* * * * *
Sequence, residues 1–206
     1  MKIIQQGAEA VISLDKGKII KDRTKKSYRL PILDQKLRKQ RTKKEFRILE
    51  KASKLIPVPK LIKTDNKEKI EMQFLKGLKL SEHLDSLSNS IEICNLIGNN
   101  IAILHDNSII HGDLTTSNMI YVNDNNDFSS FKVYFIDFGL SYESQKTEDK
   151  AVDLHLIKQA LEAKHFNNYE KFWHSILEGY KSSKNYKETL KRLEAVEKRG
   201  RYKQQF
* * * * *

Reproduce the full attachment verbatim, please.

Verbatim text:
Sequence, residues 1–206
     1  MKIIQQGAEA VISLDKGKII KDRTKKSYRL PILDQKLRKQ RTKKEFRILE
    51  KASKLIPVPK LIKTDNKEKI EMQFLKGLKL SEHLDSLSNS IEICNLIGNN
   101  IAILHDNSII HGDLTTSNMI YVNDNNDFSS FKVYFIDFGL SYESQKTEDK
   151  AVDLHLIKQA LEAKHFNNYE KFWHSILEGY KSSKNYKETL KRLEAVEKRG
   201  RYKQQF